Don't You Bite My Butt!
An interview with the local animal communicator
By Catherine Sinow; illustrations by KK Braza
Admitted Students Day, 2013: a cloudy weekend when I took in all the old buildings that would envelop me for the next four years. Walking down Tejon, my mom pointed to a sign in front of an office building. Alongside the offices of tax lawyers and massage therapists was “Linda Nija Nations, MA: Psychotherapist [and] Animal Communicator.” My mom laughed as I stroked my chin in curiosity. Two years later, I gave Linda a call.
Less than 24 hours after talking on the phone, Linda and I sat down in her wide, musty office in the basement of a little gray house. She wore a big fuzzy jacket with two wolves sewn on both front pockets. She took it off, we shook hands, and I turned on my phone’s voice recorder. All I had seen at this point was her sign on the street and her website; I was worried that she would give me some vanilla account of how she was into therapy animals. That wasn’t the case.
Catherine Sinow: How did all this begin?
Linda Nations: I’ve always had a special relationship with animals. As a child, my grandmother took me out to ride ponies and feed ducks.
In ’97, I was riding my horse and I got thrown off onto a gravel road without a helmet. I was in the hospital for nine days, almost died; they drained the blood gathering inside my skull. I was told I’d never practice as a therapist again. When I came home, I started having unusual encounters with wild animals. The first one, I was driving down Beaver Creek Canyon to find a group of people. I couldn’t find them. Finally, I saw them all coming up the road. They said they had seen a young eagle sitting on the side of the road. The eagle came and flew right over the tops of our heads, went up to a rock and stared us down until we left. When I was driving out by myself, the eagle got right in front of my car, and it guided me halfway out of the canyon. And then a great blue heron came and took over, and he guided me the rest of the way out.
A few weeks later, I stopped to help these two guys whose cow [had gotten] out; they were trying to get it back in the pasture. I said I’d help. So as the cow’s coming down toward the hole in the fence, I said, in my head, “Turn.” And the cow turned into the pasture.
And then, one day, I saw a gorgeous buck that had been splattered all over the highway. I saw him rise up from all of that. I saw his eyes; he was whole. I’m auditorily psychic; I don’t usually see things. But I saw him leave his body. Is this too weird for you?
CS: No, no. Go on.
LN: Once I started practicing [professionally], I heard my first animal: my miniature horse, Jonesy. I was cleaning my big horse’s hooves, and Jonesy had his nose in my butt. And I said, “Don’t you bite my butt! I hear you’re a butt biter!” And I heard, “Well, I only did that once,” in my head. So that really built my confidence [as an animal communicator].
CS: Is it possible to learn animal communication, or does someone have to be gifted like you are?
LN: The reason I am gifted is because I was knocked into present time. I could not operate… after the brain injury. That’s where animals live —in the moment. I teach my students how to get into present time. They practice, and then they go out into the world and they go fast, back into technology.
CS: Do you keep your therapy and animal communication businesses separate?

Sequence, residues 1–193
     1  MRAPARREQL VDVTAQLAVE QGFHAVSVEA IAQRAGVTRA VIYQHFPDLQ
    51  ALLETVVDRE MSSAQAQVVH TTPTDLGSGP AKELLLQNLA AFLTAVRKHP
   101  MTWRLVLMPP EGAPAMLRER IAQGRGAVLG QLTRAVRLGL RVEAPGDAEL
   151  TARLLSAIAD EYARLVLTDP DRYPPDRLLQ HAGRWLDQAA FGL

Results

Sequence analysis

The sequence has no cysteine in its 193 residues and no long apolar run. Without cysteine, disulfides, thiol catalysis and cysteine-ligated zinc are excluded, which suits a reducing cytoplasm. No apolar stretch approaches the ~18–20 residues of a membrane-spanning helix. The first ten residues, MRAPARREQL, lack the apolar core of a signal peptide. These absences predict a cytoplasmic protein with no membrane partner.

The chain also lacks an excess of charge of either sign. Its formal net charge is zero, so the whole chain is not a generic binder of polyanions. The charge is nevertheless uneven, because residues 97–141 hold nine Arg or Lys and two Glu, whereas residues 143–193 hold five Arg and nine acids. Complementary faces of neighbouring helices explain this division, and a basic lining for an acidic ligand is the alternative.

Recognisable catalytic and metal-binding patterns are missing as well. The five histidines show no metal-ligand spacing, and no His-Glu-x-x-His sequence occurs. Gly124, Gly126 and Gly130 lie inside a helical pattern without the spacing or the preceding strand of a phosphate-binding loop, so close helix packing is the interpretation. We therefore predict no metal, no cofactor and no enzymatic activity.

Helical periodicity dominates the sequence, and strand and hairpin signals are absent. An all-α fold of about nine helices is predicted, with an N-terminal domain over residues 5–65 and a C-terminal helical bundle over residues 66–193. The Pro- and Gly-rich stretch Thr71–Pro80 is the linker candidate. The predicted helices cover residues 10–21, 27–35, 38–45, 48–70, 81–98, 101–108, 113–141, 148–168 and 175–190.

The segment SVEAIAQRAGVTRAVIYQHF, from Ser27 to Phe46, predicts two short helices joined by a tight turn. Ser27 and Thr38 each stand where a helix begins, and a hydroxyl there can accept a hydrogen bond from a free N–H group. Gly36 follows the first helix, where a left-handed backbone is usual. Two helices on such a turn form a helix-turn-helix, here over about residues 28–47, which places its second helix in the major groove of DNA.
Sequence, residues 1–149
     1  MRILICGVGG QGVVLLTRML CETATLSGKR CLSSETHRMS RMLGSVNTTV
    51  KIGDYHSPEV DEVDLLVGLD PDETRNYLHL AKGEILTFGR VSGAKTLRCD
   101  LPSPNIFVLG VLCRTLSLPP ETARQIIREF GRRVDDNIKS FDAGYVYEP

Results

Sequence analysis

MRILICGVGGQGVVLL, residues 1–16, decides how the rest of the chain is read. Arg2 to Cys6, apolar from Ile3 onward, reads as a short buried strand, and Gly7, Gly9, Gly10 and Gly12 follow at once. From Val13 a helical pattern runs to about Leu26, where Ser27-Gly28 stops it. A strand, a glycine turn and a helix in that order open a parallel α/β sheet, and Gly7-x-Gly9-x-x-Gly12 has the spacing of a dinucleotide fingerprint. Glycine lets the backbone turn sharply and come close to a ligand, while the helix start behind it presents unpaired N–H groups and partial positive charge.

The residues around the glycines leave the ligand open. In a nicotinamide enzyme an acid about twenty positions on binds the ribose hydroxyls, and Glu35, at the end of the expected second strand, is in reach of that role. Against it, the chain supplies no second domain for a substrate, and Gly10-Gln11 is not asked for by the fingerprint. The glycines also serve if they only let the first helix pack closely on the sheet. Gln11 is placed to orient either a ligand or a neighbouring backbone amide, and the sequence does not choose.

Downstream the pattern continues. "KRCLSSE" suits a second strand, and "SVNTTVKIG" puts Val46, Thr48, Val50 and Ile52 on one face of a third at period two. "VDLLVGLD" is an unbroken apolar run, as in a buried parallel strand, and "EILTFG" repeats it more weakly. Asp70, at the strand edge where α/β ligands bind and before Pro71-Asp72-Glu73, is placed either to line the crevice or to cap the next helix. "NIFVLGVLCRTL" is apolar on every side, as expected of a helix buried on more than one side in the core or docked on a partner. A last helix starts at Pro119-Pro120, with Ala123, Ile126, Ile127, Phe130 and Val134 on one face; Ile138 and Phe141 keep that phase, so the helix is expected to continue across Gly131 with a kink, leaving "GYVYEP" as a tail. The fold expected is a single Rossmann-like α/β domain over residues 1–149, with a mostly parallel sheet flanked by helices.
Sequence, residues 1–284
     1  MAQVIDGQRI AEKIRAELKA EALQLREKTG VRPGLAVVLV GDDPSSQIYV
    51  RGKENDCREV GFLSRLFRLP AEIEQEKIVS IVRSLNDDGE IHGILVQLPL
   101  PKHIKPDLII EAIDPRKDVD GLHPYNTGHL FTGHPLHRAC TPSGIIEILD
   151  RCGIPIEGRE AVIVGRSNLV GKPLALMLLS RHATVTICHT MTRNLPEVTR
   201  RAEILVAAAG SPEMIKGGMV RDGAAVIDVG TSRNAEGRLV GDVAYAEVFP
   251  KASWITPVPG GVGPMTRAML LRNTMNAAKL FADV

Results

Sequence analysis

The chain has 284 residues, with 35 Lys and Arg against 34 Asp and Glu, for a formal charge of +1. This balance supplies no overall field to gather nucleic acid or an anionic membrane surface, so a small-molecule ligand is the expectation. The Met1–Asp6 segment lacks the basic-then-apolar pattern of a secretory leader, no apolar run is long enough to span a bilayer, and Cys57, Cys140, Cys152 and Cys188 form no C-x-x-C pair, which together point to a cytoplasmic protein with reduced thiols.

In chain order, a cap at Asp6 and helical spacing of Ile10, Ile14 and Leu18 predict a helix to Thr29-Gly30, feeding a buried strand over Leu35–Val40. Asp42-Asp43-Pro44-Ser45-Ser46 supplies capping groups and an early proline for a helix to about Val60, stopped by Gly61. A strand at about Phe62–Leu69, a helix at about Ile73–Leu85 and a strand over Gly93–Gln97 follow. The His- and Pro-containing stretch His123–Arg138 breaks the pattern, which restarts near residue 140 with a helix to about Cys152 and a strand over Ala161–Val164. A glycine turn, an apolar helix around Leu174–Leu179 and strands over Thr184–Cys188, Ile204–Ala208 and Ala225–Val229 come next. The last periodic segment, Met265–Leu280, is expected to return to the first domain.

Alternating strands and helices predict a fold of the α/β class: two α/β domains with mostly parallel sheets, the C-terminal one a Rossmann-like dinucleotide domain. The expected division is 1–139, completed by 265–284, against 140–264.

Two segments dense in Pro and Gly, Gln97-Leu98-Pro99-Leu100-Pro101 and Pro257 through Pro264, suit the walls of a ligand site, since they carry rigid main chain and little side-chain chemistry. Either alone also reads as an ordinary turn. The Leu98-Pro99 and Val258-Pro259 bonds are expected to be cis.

LN: I used to. But then the animals started telling on their humans. I had a dog tell me his human drinks too much. I had a cat tell me she was not going to stop screaming untilher human calmed down and relaxed. And I had a parrot tell me she wouldn’t stop plucking out her feathers until her human dealt with his issues. “He’s a mess,” she said. Often, they know more about their humans’ needs than the humans themselves.
CS: Any other examples?
LN: One of the things I ask dying animals is, “Are you ready to leave this earth body?” I got a call from some pet owners asking what their dying cat needed. I could hook up long-distance, since I had met the cat. I learned that she was desperate and absolutely wanted help. She couldn’t stand it anymore and she had to go.
CS: Does animal communication tie into your human therapy specialty in PTSD?
LN: Almost all dogs out of puppy mills have PTSD. Curing it is much easier with animals; they don’t have the ego in the way. I have a dog with PTSD. I’m pretty sure he was a puppy mill dog who was abused. When I first got him, I couldn’t even touch his tail. I would just hold my hand on him and say, “Breathe.” Now he loves to have his back rubbed.
CS: How can an ordinary college student implement animal communication into his or her life?
LN: You can send [your pets] mental pictures to tell them how late you’ll be home. For example, send them pictures of dinnertime. They receive communication in words, pictures, feelings and body language. When people hear a voice in their head, they usually just push it away, but you have to listen to it. Once I was riding my horse down Penrose and a big wind comes up. And he says, swear to God, in John Wayne’s voice, “Well we’re just gonna have to get you home little lady.” And he picked up his speed that instant.
CS: Are you vegetarian or vegan?
LN: I grew up on wild game. I do not do well if I don’t have meat. My body does not make protein out of beans and rice. I’ve done a lot of reading about this, I’ve communicated with animals about it, and they don’t mind being used for food. Once I was walking through Penrose and I saw some cows. This cow comes up to me and says to me, “We’re gonna get to be food!” He was so excited about it. I think it has to do with them being honored, as long as they’re not tortured.
Linda has been practicing psychotherapy for forty years. She is currently writing a book with the working title “Messages from the Animal Kingdom: The Book of Change,” a mix between memoir and self-help that she hopes to release sometime this year.